Between 1968 and 1971 the primary mission of the 80th TFS was to deploy on a rotating basis to Osan AB, Korea, providing a nuclear strike alert posture against targets in the Soviet Union, North Korea, and China, maintaining several aircraft on fifteen-minute alert. It also trained on conventional weapons. In 1970 all PACAF F-4 Wild Weasel crews transferred into the 80th TFS.

Korean serviceEdit

On 15 February 1971, the 80th TFS redeployed from Yokota to Kunsan AB, Korea, while temporarily assigned to Detachment 1, 475th Tactical Fighter Wing to begin the process of inactivation, with its personnel and aircraft transferred to the 35th TFS. Lt Gen Jay T. Robbins, a former 80th commander and World War II ace who was Vice Commander of Tactical Air Command, rescinded the inactivation and had the 80th transferred to the 3rd Tactical Fighter Wing, in Korea. There it was re-staffed with personnel from the 391st Tactical Fighter Squadron, which was inactivated on 28 February. The 391st's insignia had included the motto Audentes Fortuna Juvat, which subsequently became the "Headhunters" motto. On the 391st sleeve patch, the scroll displaying the motto was such that when the patch was ripped off, the word "Juvat" was left in place. The former 391st aircrew did so with the consent of the 80th commander at the time, Lt Col Soloman Harp III, who named himself the first "Juvat". The motto remained unofficial until approved on 9 October 1986.

In its history, the 80th has recorded 251 total air-to-air victories. The 80th scored one air-to-air victory by an F-105 pilot, but an assigned officer detached at the time to the 13th Tactical Fighter Squadron in Thailand, Captain Jeffrey Feinstein, was credited with five victories and ace status as an F-4 weapons system officer in 1972.

Today, the 80th flies the General Dynamics F-16CM Fighting Falcon and is stationed at Kunsan Air Base, Republic of Korea.


  • Constituted as the 80 Pursuit Squadron (Interceptor) on 6 January 1942
Activated on 10 January 1942
Redesignated 80 Fighter Squadron on 15 May 1942
Redesignated 80 Fighter Squadron (Twin Engine) 22 July 1943[5]
Redesignated 80 Fighter Squadron, Two Engine on 20 August 1943
Inactivated on 26 December 1945
  • Redesignated 80 Fighter Squadron, Single Engine on 14 January 1947
Activated on 20 February 1947
Redesignated 80 Fighter Squadron, Jet on 1 January 1950
Redesignated 80 Fighter-Bomber Squadron on 20 January 1950
Redesignated 80 Tactical Fighter Squadron on 1 July 1958
Redesignated 80 Fighter Squadron on 3 February 1992[2]


  • 8th Pursuit Group (later 8th Fighter Group), 10 January 1942 – 26 December 1945
  • 8th Fighter Group (later 8th Fighter-Bomber) Group), 20 February 1947
Attached to 49th Fighter-Bomber Group, 11 August–25 September 1950
Attached to 51st Fighter-Interceptor Group, 25 September–27 October 1950
Attached to Twentieth Air Force, 21 October 1954 – 10 February 1955
Attached to 49th Fighter-Bomber Group, 10 February 1955 – 18 October 1956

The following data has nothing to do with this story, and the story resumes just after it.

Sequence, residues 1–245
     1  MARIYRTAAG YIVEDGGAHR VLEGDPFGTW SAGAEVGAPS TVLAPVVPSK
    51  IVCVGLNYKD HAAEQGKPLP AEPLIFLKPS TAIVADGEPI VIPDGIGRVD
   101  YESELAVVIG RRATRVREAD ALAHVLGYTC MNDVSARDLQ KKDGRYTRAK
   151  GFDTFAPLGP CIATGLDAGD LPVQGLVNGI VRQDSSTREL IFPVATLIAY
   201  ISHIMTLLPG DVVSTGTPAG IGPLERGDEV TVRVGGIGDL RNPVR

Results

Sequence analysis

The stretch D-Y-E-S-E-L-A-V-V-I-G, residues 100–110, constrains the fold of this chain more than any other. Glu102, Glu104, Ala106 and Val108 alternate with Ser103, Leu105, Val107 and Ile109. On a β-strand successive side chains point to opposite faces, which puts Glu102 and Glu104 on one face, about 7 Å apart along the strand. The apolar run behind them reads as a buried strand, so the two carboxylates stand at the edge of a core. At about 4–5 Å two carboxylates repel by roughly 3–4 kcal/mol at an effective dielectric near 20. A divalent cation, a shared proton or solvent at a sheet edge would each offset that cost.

Attached to: 8th Fighter-Bomber Wing, 1 February–30 September 1957
  • 8th Fighter-Bomber Wing (later 8th Tactical Fighter Wing), 1 October 1957
Attached to 41st Air Division, 13 May–17 June 1964
  • 41st Air Division, 18 June 1964
Attached to 2d Air Division, 30 October–29 December 1964
  • 6441st Tactical Fighter Wing, 1 April 1965
Attached to 2d Air Division, 27 June–26 August 1965
  • 41st Air Division, 15 November 1966
  • 347th Tactical Fighter Wing, 15 January 1968
Attached to Detachment 1, 475th Tactical Fighter Wing, 15 February – 15 March 1971



  • Bell P-39 Airacobra, 1942-1943
  • Bell P-400, 1942-1943
  • Lockheed P-38 Lightning, 1943-1945
  • North American P-51 (later F-51) Mustang, 1947-1950
  • Lockheed F-80 Shooting Star, 1950-1953
  • North American F-86 Sabre, 1953-1957
  • Republic F-84 Thunderjet, 1954-1956
  • North American F-100 Super Sabre, 1956–1963
  • Republic F-105 Thunderchief, 1963-1968
  • McDonnell F-4 Phantom II, 1971-1981
  • General Dynamics F-16 Fighting Falcon, 1981–present[2]

See alsoEdit



Explanatory notes
  1. ^ Aircraft is General Dynamics F-16D Block 40G Fighting Falcon serial 89-172, taken on 21 October 2010.
  2. ^ Latin phrase Literally, "Chance (or luck) helps the audacious," but the squadron traditionally interprets as "Fortune Favors the Bold".
  3. ^ The squadron used unapproved versions of this emblem were as early as World War II. Watkins, p. 11.
  1. ^ Watkins, p. 10
  2. ^ a b c d e f g Robertson, Patsy (20 February 2015). "Factsheet 80 Fighter Squadron (PACAF)". Air Force Historical Research Agency. Archived from the original on 28 September 2015. Retrieved 6 September 2017.
  3. ^ a b 80th Fighter Squadron [80th FS]
  4. ^ "80th Tactical Fighter Squadron". Archived from the original on 23 October 2009.
  5. ^ Robertson says (Two Engine), but this term was not used until the following year.


  This article incorporates public domain material from the Air Force Historical Research Agency website

External linksEdit